— POPULAR SHERIFF GUNNED DOWN — A gray mist floated low over the Ouachita River as lawmen tramped through the dark and gloomy swampland of Mount Ida, Arkansas, hunting for the man who killed the sheriff of Baxter County.
Abraham Garland Byler had issued an arrested warrant for 26-year old Charlie Watkins—alias Jesse B. Roper—charged with unlawfully carrying a firearm.
Byler and a posse tracked the Georgia-born […]
Continue reading “MANHUNT”
— BAT MASTERSON’S LAST GUNFIGHT — A restless and tense Bat Masterson stared out the window of the train that pulled into Dodge City, Kansas, in the late morning of April 16, 1881. In his pocket, he carried a telegram warning that his younger brother Jim’s life was in danger because of a bitter business relationship.
Jim Masterson, along with A.J. Peacock, owned the Lady Gay Saloon and Dance Hall.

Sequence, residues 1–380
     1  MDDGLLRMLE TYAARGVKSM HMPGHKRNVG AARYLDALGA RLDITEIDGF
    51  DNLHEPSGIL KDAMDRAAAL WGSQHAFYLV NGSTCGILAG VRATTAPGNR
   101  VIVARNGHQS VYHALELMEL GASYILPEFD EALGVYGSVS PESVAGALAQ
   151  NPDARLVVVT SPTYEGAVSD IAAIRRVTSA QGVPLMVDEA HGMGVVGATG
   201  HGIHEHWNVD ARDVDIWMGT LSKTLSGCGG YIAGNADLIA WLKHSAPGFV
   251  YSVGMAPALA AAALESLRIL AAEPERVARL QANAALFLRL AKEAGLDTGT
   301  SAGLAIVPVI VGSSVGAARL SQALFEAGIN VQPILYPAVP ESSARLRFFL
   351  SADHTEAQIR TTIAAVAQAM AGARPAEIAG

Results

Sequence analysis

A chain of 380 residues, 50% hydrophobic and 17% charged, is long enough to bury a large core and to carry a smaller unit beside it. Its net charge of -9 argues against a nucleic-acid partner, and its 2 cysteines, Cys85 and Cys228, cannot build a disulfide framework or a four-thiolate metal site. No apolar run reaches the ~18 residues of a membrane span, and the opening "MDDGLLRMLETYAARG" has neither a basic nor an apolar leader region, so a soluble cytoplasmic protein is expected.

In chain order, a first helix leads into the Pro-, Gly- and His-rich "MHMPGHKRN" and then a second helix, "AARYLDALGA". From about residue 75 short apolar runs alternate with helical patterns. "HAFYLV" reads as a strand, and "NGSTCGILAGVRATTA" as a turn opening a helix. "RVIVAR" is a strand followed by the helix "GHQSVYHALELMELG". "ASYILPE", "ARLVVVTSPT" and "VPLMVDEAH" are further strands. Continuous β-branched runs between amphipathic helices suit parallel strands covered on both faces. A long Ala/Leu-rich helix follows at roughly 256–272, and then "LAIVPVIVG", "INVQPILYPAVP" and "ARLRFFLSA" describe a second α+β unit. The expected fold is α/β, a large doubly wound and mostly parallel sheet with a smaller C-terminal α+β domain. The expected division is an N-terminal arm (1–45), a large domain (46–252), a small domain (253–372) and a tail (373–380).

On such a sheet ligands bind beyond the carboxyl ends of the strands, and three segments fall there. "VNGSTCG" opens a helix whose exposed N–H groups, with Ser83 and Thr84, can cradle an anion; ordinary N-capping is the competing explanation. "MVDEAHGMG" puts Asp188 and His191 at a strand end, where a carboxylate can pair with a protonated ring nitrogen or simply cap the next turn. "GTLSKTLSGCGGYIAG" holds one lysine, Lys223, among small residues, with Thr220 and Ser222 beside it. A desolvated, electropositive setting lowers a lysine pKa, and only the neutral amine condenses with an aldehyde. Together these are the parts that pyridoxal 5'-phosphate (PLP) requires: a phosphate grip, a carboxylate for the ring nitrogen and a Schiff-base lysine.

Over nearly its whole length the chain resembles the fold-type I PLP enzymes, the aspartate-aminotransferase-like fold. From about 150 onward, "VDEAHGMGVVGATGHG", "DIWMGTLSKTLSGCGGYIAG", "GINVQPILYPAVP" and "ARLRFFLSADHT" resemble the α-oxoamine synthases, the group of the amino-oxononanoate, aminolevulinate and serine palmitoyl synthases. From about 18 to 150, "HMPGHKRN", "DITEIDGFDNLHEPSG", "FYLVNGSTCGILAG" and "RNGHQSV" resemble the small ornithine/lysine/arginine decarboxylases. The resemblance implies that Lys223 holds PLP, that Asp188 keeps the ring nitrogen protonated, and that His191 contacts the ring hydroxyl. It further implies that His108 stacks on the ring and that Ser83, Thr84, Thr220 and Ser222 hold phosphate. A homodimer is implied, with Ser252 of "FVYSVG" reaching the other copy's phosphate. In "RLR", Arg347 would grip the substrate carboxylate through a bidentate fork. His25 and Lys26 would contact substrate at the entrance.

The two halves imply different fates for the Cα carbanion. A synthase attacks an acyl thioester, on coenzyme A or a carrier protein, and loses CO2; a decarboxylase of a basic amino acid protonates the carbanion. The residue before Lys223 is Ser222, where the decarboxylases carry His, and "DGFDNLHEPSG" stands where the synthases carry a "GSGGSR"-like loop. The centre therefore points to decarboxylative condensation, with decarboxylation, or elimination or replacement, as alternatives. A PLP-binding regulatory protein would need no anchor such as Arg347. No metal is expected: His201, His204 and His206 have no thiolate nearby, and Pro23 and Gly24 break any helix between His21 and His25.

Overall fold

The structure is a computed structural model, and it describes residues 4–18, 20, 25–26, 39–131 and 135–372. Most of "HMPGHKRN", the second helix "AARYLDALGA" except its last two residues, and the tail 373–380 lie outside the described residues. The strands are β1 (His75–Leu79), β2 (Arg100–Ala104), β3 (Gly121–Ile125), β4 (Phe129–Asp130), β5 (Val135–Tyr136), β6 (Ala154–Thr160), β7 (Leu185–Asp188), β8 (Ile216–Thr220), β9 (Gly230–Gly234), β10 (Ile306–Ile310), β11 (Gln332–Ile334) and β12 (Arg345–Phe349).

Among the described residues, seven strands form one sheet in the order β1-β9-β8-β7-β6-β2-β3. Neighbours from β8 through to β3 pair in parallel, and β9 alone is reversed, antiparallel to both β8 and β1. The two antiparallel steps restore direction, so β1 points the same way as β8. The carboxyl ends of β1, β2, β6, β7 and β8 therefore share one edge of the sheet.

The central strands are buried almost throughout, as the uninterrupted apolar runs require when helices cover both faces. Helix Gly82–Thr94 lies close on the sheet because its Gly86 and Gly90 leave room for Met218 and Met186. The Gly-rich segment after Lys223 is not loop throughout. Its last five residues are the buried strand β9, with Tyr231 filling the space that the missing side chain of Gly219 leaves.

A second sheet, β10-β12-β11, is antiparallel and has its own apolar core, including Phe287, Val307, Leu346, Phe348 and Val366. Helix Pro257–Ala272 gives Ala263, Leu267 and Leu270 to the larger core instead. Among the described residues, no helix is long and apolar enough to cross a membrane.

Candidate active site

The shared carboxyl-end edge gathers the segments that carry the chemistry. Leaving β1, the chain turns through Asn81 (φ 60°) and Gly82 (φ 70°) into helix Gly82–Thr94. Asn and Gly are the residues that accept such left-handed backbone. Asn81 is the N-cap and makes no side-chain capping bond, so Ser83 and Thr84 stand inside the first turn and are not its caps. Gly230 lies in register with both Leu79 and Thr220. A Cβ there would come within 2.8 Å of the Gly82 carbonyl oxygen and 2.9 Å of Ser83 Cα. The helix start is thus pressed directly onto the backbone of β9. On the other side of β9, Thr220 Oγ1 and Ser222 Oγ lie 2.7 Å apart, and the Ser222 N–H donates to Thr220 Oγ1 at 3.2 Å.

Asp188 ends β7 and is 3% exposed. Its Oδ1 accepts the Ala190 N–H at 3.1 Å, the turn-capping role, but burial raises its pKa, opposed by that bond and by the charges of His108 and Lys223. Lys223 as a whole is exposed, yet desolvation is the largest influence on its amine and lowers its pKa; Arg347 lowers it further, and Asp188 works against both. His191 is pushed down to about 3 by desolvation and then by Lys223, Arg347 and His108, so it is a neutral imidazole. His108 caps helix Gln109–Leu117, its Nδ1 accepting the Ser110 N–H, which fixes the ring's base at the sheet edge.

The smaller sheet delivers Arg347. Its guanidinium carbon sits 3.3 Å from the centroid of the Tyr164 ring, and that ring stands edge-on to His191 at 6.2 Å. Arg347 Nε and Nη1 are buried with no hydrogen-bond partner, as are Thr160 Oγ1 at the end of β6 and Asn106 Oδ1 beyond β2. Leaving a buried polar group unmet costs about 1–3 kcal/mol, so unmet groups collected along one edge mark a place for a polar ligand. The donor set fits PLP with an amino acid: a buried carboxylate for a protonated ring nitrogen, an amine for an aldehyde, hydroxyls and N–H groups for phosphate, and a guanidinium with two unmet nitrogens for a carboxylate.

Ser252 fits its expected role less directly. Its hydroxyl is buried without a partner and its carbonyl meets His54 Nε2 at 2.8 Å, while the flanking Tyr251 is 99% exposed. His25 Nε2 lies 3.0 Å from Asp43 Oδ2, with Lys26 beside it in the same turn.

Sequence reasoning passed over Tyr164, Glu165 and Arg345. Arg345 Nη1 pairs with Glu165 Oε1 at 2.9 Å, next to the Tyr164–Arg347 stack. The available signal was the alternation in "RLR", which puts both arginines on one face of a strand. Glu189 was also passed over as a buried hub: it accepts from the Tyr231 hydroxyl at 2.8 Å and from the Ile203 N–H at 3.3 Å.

Peacock’s brother-in-law, Al […]
Continue reading SHOWDOWN IN DODGE CITY
Frank Eaton was eight-years old when he watched his father gunned down in the moonlight, outside their Kansas home, by a group of former Confederate soldiers, calling themselves the Regulators.
A neighbor and family friend, didn’t mix words, telling the youngster: “My boy, may an old man’s curse rest upon you, if you do not try go avenge your father.”
Knowing vengeance usually works best in the hands of a someone with specialized […]
Continue reading The Legend of Pistol Pete
William Barclay Masterson stands as one of the more memorable and fascinating figures in history. But not for his image as a fearless Western gunfighter, gambler, and lawman.
Bat Masterson, as he was known, spent the last twenty years of his life carving a reputation as a newspaper columnist, and boxing authority, in New York City.
The columns – Masterson’s Views on Timely Topics – appeared in the New York Morning Telegraph three times a week. They covered a broad range […]
Continue reading Bat Masterson, Gunfighter and Journalist